valuation

The fixing of value to anything.
(customs) The appraisal of the worth of imported goods by customs officials for the purpose of determining the amount of duty payable in the importing country. The WTO Customs Valuation Code obligates governments that sign it to use the “transaction value” of imported goods–or the price actually paid or payable for them–as the principal basis for valuing the goods for customs purposes.
Customs officers are required by law to determine the value of imported merchandise. Valuation is necessary for statistical purposes as well as to determine the amount of import duty which must be paid if the duty rate is stated as a percentage of value (ad valorem duty).
Article VII of the General Agreement on Tariffs and Trade (“GATT”) in the 1994 WTO agreement outlines methodology for Customs Valuation: https://www.cbsa-asfc.gc.ca/publications/dm-md/d13/d13-2-4-eng.html. These are the uniform bases of appraisal for customs valuation among signatory countries. The 6 methods must be applied in the prescribed hierarchical order (if method #1 doesn’t apply, you must go to #2 next, and can’t skip to #4), and are as follows:
·       Method 1 Transaction Value
·       Method 2 Transaction Value of Identical Goods
·       Method 3 Transaction Value of Similar Goods
·       Method 4 Deductive Value
·       Method 5 Computed Method
·       Method 6 Fallback Method

The order of precedence of the Methods 4 & 5 can be reversed if the importer so requests and Customs officer approves.
(general) The price actually paid or payable for merchandise.
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The transaction value of imported merchandise is the price actually paid or payable for the merchandise when sold for exportation, plus amounts for the following items if not included in the price:
(1) The packing costs incurred by the buyer.
(2) Any selling commission incurred by the buyer,
(3) The value of any assist,
(4) Any royalty or license fee that the buyer is required to pay as a condition of the sale, and
(5) The proceeds, accruing to the seller, of any subsequent resale, disposal, or use of the imported merchandise.
The amounts for the above items are added only to the extent that each is not included in the price actually paid or payable and information is available to establish the accuracy of the amount. If sufficient information is not available, then the transaction value cannot be determined and the next basis of value, in order of precedence, must be considered for appraisement.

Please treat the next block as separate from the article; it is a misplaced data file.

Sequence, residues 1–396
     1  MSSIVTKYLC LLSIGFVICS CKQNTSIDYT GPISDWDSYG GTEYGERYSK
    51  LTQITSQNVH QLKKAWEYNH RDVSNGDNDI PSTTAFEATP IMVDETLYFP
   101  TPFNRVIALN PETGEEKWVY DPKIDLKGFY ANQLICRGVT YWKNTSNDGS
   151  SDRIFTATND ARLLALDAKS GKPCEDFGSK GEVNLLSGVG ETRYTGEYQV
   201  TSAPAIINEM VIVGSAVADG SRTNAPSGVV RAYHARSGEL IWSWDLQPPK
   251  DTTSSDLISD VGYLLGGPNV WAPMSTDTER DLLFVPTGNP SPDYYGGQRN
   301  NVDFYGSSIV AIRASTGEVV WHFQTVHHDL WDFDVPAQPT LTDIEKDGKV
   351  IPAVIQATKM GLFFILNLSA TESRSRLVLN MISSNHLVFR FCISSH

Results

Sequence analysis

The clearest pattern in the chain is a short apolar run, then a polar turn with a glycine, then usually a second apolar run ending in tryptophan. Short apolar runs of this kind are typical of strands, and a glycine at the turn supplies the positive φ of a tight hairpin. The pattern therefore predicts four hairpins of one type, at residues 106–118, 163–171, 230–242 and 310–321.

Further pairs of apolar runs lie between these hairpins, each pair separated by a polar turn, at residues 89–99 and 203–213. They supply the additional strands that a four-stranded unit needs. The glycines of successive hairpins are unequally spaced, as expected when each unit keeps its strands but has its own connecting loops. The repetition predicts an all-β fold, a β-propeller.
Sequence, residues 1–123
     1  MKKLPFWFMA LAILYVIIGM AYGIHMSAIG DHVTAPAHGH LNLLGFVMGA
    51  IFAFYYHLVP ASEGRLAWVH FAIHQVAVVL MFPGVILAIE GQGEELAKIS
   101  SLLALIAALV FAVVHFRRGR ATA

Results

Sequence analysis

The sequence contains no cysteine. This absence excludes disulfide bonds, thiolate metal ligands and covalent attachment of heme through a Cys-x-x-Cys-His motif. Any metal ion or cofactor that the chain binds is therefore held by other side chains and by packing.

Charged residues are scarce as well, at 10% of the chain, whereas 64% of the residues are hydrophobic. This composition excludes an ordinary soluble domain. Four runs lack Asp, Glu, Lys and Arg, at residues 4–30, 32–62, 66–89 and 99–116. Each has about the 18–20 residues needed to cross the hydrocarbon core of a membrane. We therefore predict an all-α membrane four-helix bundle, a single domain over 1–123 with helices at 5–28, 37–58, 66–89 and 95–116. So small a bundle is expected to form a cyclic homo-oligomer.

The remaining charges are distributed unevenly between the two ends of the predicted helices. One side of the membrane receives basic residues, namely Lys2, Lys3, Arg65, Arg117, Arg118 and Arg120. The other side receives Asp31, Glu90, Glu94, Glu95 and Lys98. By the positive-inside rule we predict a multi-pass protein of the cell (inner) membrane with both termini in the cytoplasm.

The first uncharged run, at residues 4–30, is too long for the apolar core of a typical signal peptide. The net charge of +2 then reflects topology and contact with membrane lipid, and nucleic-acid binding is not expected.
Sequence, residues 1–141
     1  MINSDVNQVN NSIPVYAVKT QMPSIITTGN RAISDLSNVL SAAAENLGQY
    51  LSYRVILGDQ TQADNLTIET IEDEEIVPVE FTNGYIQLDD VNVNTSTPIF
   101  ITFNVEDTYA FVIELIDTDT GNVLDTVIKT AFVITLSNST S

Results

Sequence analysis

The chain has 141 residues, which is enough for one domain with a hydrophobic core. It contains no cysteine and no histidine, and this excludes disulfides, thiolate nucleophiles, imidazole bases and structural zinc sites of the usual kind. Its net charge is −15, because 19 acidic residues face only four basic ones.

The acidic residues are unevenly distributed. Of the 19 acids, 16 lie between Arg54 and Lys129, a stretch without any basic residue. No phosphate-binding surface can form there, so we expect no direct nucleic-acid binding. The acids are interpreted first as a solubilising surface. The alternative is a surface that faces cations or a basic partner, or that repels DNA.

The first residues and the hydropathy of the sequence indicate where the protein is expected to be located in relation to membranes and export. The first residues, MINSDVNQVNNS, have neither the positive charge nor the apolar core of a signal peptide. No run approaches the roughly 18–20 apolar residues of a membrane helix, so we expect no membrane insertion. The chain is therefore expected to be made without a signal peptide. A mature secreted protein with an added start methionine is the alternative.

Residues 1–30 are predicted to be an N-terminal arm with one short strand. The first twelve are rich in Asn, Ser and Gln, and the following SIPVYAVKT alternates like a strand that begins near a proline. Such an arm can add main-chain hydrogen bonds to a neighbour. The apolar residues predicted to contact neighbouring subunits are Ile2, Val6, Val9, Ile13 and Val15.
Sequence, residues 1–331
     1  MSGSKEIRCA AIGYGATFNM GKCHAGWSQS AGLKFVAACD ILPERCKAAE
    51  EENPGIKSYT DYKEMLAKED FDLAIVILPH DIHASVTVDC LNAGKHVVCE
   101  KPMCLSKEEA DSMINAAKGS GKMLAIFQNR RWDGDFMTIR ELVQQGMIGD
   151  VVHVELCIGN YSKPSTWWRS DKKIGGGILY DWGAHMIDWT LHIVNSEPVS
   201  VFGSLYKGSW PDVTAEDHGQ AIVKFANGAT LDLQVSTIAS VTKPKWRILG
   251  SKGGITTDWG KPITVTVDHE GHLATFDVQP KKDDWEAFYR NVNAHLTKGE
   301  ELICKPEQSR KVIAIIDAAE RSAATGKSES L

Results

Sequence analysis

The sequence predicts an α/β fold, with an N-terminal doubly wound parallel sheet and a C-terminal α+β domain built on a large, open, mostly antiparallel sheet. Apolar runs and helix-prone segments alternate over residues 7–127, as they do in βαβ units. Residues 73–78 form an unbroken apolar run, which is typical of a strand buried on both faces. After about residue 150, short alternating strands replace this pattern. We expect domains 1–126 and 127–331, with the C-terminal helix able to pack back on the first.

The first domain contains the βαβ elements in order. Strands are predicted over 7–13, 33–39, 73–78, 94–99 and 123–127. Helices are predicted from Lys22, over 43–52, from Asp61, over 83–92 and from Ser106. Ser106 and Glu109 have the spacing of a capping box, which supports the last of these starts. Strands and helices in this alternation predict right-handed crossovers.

If the transaction value cannot be used, then certain secondary bases are considered. The secondary bases of value, listed in order of precedence for use, are:

·       Method 2 Transaction Value of Identical Goods
·       Method 3 Transaction Value of Similar Goods
·       Method 4 Deductive Value
·       Method 5 Computed Method
·       Method 6 Fallback Method

The order of precedence of the Methods 4 & 5 can be reversed if the importer so requests and Customs officer approves.
(U.S. Customs) U.S. Customs officers are required by law to determine the value of imported merchandise. Valuation is necessary for statistical purposes as well as to determine the amount of import duty which must be paid if the duty rate is stated as a percentage of value (ad valorem duty).
Generally, the Customs value of all merchandise exported to the United States is the transaction value for the goods. The transaction value of imported merchandise is the price actually paid or payable for the merchandise when sold for exportation to the United States, plus amounts for the following items if not included in the price:
1) The packing costs incurred by the buyer.
2) Any selling commission incurred by the buyer,
3) The value of any assist,
4) Any royalty or license fee that the buyer is required to pay as a condition of the sale, and
5) The proceeds, accruing to the seller, of any subsequent resale, disposal, or use of the imported merchandise.
The amounts for the above items are added only to the extent that each is not included in the price actually paid or payable and information is available to establish the accuracy of the amount. If sufficient information is not available, then the transaction value cannot be determined and the next basis of value, in order of precedence, must be considered for appraisement.
The secondary bases of value, listed in order of precedence for use, are:
1) Transaction value of identical merchandise,
2) Transaction value of similar merchandise,
3) Deductive value, and
4) Computed value.
The order of precedence of the last two values can be reversed if the importer so requests.
See transaction value; deductive value; computed value.

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